For the second time in two years, the RCMP says it can't find a report by an independent agency examining shootings by officers in the Moncton-area.
Following two separate shootings by Codiac Regional RCMP officers in 2019, RCMP asked Nova Scotia's Serious Incident Response Team to investigate the officers' actions. One shooting in January that year injured a woman, while a man was killed in an August shooting.
The Nova Scotia agency said it couldn't release the findings and had submitted its reports to the RCMP. In both cases, the RCMP refused to voluntarily disclose SIRT's findings, leaving it unclear for more than a year whether the shootings were considered justified.
Both times, the Mounties told CBC News to file access to information requests to get the results of the investigations. Months later, the force said it couldn't find the two reports.
"Unfortunately, we were unable to locate the records which respond to your request," the RCMP wrote to CBC in a letter received last week about the report into the fatal shooting.
Cpl. Hans Ouellette, an RCMP spokesperson in New Brunswick, said in an email Monday afternoon that neither report was sent to the Mounties by SIRT, but instead to the province's Department of Justice and Public Safety.
However, SIRT says otherwise.
"The Director completed his report on June 29 and provided it to the RCMP that same day," SIRT said in a July 24 email to CBC.
After this story was published Tuesday, SIRT told CBC it had sent the report to New Brunswick RCMP Chief Supt. Annie Pitre, criminal operations officer.
The provincial department wasn't able to answer a late-afternoon request Monday to clarify who received the report. Ouellette did not respond when provided a copy of the SIRT email that contradicts his statement.
Last year, the RCMP did release a redacted copy of the non-fatal shooting report after initially saying it couldn't be found.
Most recently, CBC sought a SIRT report examining the death of a 24-year-old man shot by Codiac Regional RCMP in an apartment building on Somerset Drive on Aug. 4, 2019.
An RCMP spokesperson previously said officers responded to a call for assistance around 2 p.m. that day and found a man with a knife who made "threatening actions" toward the officers.
Police said the man was Tasered but continued to threaten police. The officer then shot the man.
"At the request of the New Brunswick RCMP, and as a matter of standard practice related to serious incidents, the Nova Scotia Serious Incident Response Team (SIRT), an independent agency, will conduct a review of police actions in response to the incident," RCMP said in a 2019 news release.
The independent team investigates serious incidents arising from police actions in Nova Scotia and decides whether charges are warranted against an officer.
New Brunswick has no such agency. Police forces have relied on SIRT or Quebec's Bureau des enquêtes indépendantes to carry out external investigations.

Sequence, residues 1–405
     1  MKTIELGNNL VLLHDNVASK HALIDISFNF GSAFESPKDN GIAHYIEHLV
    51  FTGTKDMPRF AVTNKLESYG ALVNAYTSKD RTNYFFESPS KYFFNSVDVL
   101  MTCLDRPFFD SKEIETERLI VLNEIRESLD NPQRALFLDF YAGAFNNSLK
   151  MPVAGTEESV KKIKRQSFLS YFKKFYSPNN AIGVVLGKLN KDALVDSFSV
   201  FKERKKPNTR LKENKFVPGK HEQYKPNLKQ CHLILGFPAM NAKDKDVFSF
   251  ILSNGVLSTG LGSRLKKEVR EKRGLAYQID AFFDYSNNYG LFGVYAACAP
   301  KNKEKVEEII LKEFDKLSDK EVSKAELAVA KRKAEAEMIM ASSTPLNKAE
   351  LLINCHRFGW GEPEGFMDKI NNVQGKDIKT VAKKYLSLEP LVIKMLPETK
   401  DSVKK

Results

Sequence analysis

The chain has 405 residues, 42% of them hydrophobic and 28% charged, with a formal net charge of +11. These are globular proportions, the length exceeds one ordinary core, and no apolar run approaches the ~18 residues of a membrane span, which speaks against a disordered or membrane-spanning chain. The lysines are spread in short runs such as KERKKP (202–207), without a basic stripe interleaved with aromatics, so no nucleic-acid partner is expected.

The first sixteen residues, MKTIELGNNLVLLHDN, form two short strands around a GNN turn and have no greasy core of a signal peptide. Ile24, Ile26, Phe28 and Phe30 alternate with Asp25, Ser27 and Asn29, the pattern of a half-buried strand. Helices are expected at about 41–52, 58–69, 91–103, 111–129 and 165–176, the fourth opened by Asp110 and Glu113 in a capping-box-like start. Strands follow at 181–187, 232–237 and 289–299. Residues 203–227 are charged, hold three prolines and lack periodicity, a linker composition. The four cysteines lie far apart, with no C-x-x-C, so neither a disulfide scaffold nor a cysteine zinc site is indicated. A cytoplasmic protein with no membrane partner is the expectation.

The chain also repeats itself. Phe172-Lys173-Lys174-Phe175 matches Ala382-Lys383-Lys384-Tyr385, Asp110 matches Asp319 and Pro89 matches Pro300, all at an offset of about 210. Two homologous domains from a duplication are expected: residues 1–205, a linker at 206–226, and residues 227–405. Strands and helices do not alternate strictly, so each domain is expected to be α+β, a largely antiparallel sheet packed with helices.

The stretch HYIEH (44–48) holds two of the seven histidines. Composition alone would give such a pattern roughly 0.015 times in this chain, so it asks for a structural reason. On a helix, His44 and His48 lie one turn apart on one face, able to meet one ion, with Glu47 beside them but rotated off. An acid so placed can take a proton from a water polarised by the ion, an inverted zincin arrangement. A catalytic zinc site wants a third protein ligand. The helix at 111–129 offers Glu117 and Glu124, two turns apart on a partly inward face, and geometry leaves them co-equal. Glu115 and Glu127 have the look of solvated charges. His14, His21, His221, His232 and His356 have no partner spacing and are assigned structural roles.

In Nova Scotia, the agency issues news releases and a public report with a summary of the facts, the investigator's conclusions and the reasons for those findings.
However, the organization has said it cannot release its findings or the report as it doesn't have jurisdiction to do so in New Brunswick.
RCMP Const. Isabelle Beaulieu told CBC to file an access to information request to get the results.
Under federal law, the RCMP are obligated to respond to the request within 30 days. The response to CBC's request filed July 24, 2020, was received by mail 291 days after the request was made.
The sequence of events echoes what happened with the SIRT report into on the non-fatal shooting. At the time, the province also said it would be up to RCMP to release the report.
"SIRT investigative reports pertaining to incidents involving the RCMP rest with the RCMP to determine any level of disclosure and as such should be addressed with the RCMP," Coreen Enos, a spokesperson for the Department of Public Safety, said in 2019.
That report examined the circumstances of a Codiac Regional RCMP member who shot a woman in Dieppe near the airport after she fired an airsoft gun at first responders on Jan. 5, 2019.
After SIRT's report on that shooting was given to RCMP, the force told CBC to file an access to information request. That resulted in the Mounties saying the report couldn't be found in Nova Scotia or New Brunswick.
CBC complained to Canada's Office of the Information Commissioner, which handles and investigates complaints about access to records, saying that it was impossible the report didn't exist given the RCMP's own statements.
RCMP then released a redacted copy of the report. It cleared the officer of wrongdoing.
Problems with the RCMP's responses to access to information requests aren't new.
Nova Scotia RCMP investigated the 2015 Bathurst police shooting death of Michel Vienneau but claimed it had no records related to the investigation in response to an access to information request.
After a complaint to the federal information commissioner, the force released nearly 1,800 pages of documents and more than 1,000 images and videos.
A report released in November by the commissioner's office says poor management of getting staff to search for records often led to requests being bounced around, sometimes resulting in the force saying it can't find any records.
The report also says the force routinely violates the law regarding timely responses to requests.
"Canadians rightfully expect that the police force for Canada, in charge of enforcing Canadian law, will itself comply with it," Caroline Maynard wrote in the report.